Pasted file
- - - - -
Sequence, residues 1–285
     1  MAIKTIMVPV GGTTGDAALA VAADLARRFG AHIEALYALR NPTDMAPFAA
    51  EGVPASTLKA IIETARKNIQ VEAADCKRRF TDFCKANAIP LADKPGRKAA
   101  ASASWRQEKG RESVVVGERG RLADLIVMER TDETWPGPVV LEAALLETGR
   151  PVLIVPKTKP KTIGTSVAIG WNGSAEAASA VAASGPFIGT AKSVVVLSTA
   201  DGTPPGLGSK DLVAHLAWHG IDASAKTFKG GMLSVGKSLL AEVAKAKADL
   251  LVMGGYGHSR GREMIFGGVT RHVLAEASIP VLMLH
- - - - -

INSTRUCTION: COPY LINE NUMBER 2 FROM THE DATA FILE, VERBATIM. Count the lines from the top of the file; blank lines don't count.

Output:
     1  MAIKTIMVPV GGTTGDAALA VAADLARRFG AHIEALYALR NPTDMAPFAA